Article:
(I’m blogging on one of the six verses of the 23rd Psalm each day this week . . . you can start at the beginning with Verse One here.)
Psalm 23:5: You prepare a table before me in the presence of my enemies. You anoint my head with oil; my cup overflows.
Sitting down to the table for a meal with my enemies all around. My head may be anointed with oil, my cup may be overflowing, but what is to stop my enemies from blowing me away as I defenselessly dine?
Shouldn’t I take care of my enemies, either fight them or build a wall to keep them out – and to keep me safe – before I eat? How can I enjoy my meal in the presence of my enemies? It is at best simply not good for my digestion.
How are we to interpret this verse?
First, it is important to recognize the shift in the Psalmist’s metaphor. For the first four verses, the Psalmist was a sheep and God was his shepherd. Now, God is a gracious host and the Psalmist is God’s guest.
Hospitality was perhaps the most valued attribute in the time and place the Psalm was composed. That certainly makes sense when there might be some distance between arable land. A traveler depended upon the gracious generosity of the inhabitants encountered along the way.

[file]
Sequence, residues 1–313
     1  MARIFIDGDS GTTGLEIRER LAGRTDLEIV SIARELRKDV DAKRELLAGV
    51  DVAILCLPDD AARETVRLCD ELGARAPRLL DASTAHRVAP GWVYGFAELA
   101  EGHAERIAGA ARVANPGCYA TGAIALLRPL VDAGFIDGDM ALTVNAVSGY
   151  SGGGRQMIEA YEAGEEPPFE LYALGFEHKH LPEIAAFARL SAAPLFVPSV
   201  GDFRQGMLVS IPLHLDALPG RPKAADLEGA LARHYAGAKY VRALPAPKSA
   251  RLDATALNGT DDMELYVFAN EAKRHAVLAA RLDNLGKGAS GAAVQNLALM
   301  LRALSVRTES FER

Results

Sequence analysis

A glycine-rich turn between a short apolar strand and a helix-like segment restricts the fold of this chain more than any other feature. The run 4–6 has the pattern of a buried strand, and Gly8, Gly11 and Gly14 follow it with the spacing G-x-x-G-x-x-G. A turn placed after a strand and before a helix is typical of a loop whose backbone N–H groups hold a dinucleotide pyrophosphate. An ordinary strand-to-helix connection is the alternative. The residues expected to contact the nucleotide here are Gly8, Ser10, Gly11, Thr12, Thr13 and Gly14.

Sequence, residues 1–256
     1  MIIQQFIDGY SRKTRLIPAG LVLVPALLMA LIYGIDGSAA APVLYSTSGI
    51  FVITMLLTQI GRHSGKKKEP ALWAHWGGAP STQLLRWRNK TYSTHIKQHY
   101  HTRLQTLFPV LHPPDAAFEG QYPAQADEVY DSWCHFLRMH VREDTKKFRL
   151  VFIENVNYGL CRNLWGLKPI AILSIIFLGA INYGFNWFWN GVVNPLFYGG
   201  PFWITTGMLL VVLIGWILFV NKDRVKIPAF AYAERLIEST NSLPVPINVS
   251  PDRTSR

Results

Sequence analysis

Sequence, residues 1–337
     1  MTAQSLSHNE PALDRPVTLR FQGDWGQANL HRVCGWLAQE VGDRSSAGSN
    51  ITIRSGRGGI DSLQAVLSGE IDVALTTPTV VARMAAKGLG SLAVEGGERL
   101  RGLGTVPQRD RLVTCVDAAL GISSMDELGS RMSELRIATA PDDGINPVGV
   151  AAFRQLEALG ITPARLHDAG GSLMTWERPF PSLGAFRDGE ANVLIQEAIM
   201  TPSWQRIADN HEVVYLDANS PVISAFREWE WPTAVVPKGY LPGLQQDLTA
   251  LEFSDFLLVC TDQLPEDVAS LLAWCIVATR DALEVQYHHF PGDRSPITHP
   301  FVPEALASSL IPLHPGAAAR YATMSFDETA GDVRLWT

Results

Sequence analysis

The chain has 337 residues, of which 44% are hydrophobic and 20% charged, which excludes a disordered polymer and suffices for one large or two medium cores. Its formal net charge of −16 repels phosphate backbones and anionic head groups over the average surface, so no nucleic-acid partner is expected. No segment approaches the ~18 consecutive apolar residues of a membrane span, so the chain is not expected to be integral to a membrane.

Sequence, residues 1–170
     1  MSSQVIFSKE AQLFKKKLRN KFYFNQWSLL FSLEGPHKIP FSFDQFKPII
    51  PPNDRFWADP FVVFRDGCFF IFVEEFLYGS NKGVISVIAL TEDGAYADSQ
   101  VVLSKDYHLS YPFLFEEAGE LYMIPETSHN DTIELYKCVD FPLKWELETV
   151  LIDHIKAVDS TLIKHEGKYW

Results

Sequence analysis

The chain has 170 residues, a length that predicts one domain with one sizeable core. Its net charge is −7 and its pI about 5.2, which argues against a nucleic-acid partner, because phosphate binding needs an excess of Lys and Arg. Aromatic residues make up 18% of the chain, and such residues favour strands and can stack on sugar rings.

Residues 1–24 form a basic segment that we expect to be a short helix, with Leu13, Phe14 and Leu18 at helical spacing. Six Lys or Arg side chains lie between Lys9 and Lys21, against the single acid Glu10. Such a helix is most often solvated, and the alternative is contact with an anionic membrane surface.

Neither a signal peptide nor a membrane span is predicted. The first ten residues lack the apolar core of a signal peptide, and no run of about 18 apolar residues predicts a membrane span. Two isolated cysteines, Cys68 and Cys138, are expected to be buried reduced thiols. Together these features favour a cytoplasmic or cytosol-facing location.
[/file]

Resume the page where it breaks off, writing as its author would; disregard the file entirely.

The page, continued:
As Abraham provided for his mysterious visitor in Genesis 18, the host in verse four waits upon – even serves – the guest with food on the table and beverages that overflow their cups.
What a picture! God as host. God as servant.
“(J)ust as the Son of Man came to serve not to be served, and to give his life as a ransom for many.”
So what about these enemies?
Is this verse about the host’s – God’s – protection from our enemies? Is our enjoyment of God’s provision in the midst of our enemies meant to be both an act of faith and also a sort of taunting of those who would mean us harm?
But there is a more radical picture that I believe to be more consistent with the Gospel’s depiction of God’s outrageously inclusive love.
What if “in the presence of my enemies” means that our enemies are also invited to the feast?
What if our very enjoyment of God’s feast is meant not to be a rebuke to our enemies, but rather an invitation?
Whether we are talking about food and drink as God’s daily provision, or as the Eucharist meal shared in worship, or as the great never-ending feast of eternity, God’s desire is the same. God – the Most Hospitable Host – yearns for all to gather and share the table.
So perhaps verse five of this great Psalm is not just an invitation to appreciate God’s abundant provision.
Perhaps this verse is also an invitation to . . . invite. For it is you and I who have the privilege of sharing the Good News that God’s sustaining food and overflowing drink are available to all.
Even our “enemies.”